Yet there are no guarantees that the four-star assuming theater command will succeed at the task of leading such a complex organization during peacetime, much less under the relentless pressure of war.
Leadership, whatever the situation -- whether civilian, commercial, military, in a classroom, at a car wreck -- is an art. Art always involves creativity. The art of leadership demands creativity and creative adaptation as time passes and circumstances evolve. Any endeavor involving creativity and adaptation involves uncertainty of outcome, no matter the perceived level of individual leadership ability.
Yet some leadership experiences are more instructive than others, particular for leadership at the highest levels. George Forsythe, in an article titled "The Preparation of Strategic Leaders" (U.S. Army War College, Parameters Magazine, Spring 1992) argued that "learning experiences that challenge existing frames of reference are more likely to foster (strategic leader) development than those that do not. A byproduct of this may be student discomfort and frustration. Few officers like to have their opinions challenged and their logic critiqued. Such challenges can lead to defensiveness and anger ..." Forsythe said mentors must "help officer students work through the emotional responses that accompany threats to their customary modes of thinking."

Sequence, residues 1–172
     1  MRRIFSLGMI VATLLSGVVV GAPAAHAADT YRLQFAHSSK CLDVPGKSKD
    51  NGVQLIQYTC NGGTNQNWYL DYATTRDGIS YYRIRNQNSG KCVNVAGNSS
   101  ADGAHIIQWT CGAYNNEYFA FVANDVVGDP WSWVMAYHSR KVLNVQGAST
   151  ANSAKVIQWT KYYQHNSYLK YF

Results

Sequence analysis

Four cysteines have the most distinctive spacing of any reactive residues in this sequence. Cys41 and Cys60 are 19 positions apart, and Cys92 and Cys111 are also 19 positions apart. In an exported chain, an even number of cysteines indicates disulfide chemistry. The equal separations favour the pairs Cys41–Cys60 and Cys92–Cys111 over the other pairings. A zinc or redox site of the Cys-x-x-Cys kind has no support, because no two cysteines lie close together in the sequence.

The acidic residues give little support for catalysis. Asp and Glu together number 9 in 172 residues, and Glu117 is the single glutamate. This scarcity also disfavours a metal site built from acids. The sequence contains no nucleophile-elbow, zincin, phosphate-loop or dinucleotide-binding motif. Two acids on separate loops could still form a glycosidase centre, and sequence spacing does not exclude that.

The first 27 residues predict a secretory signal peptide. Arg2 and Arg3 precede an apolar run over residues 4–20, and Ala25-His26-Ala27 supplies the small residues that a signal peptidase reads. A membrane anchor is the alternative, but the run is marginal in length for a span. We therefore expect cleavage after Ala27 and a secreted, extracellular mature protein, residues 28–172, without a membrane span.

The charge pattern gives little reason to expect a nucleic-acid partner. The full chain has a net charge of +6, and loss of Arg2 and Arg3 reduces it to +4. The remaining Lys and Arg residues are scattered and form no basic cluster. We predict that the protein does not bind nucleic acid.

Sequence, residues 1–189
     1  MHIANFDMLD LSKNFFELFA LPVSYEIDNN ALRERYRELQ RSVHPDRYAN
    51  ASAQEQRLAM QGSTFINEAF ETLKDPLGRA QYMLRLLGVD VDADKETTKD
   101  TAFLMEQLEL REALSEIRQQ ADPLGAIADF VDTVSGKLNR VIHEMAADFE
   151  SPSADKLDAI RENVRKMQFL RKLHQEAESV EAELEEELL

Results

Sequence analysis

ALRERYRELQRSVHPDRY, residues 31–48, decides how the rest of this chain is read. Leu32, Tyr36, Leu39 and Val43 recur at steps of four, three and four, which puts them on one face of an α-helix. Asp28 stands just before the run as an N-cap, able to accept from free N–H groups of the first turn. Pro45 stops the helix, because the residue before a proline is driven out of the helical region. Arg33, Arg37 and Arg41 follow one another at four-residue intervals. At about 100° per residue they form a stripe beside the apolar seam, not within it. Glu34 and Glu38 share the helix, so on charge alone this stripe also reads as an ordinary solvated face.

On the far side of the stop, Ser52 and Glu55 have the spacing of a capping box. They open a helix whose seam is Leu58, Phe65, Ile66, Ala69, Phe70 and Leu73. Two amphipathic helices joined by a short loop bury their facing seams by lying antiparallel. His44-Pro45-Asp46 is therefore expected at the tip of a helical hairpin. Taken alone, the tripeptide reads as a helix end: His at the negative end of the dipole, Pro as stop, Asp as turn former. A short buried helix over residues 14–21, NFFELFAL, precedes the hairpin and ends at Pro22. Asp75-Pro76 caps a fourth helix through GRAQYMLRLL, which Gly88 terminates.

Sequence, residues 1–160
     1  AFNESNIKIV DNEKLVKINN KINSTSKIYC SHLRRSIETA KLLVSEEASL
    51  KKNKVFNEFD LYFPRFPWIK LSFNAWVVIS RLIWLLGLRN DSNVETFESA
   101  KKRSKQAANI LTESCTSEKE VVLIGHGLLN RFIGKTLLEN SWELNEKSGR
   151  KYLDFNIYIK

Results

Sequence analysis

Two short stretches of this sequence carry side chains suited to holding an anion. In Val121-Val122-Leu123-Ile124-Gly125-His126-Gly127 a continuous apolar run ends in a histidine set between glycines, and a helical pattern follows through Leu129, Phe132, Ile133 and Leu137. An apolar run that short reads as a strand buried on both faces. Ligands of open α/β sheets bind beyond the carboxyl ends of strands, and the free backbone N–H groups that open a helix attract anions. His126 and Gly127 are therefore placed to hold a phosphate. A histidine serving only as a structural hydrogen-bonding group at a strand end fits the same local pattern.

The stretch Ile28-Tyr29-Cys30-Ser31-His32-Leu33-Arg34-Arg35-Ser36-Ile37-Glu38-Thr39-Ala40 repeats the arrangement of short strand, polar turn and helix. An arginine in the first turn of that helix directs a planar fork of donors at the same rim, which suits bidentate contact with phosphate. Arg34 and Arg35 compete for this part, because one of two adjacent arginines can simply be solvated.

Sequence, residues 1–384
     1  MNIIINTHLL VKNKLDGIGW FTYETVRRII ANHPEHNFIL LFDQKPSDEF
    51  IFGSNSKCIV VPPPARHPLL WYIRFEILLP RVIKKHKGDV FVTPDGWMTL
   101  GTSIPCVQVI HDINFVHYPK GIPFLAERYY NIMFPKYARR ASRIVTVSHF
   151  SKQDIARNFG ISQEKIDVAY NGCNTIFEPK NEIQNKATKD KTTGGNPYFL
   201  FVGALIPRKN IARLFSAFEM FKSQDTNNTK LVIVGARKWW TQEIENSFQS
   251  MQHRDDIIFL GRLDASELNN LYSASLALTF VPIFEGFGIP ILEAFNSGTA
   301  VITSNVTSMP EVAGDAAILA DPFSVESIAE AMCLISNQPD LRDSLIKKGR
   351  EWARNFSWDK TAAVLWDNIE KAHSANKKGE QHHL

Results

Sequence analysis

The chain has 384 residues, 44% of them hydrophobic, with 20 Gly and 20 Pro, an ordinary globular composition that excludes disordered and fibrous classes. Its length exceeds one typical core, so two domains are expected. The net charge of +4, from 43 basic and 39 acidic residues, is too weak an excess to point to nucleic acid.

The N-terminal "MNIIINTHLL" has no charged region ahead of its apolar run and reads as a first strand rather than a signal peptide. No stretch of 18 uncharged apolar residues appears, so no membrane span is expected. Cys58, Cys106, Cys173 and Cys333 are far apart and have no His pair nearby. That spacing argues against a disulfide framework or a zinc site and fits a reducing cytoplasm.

In other words, an effective strategic leader must early on in his development learn to manage his ego and master corrosive emotions when confronting demanding circumstances and challenging ideas.
The president of the United States is definitely a strategic leader. As Barack Obama has discovered, winning the presidential election gives the victor the chief executive's office, perquisites and responsibilities. It does not, however, automatically make him an effective strategic leader.
The 3 a.m. crisis phone call Hillary Clinton featured in a brilliant, now iconic campaign ad targeted Candidate Obama's lack of prior executive experience -- a not-so-subtle attack on Obama's lack of development as a leader. In the 2008 general election, Republicans repeated Clinton's argument.
At the time, a majority of American voters decided Obama's developmental deficiency did not matter. Hope and change polemics, with the aid of teleprompters, Hollywood stagecraft and major media cheerleading, camouflaged Obama's weakness.
Austin Bay is the author of three novels. His third novel, The Wrong Side of Brightness, was published by Putnam/Jove in June 2003. He has also co-authored four non-fiction books, to include A Quick and Dirty Guide to War: Third Edition (with James Dunnigan, Morrow, 1996).
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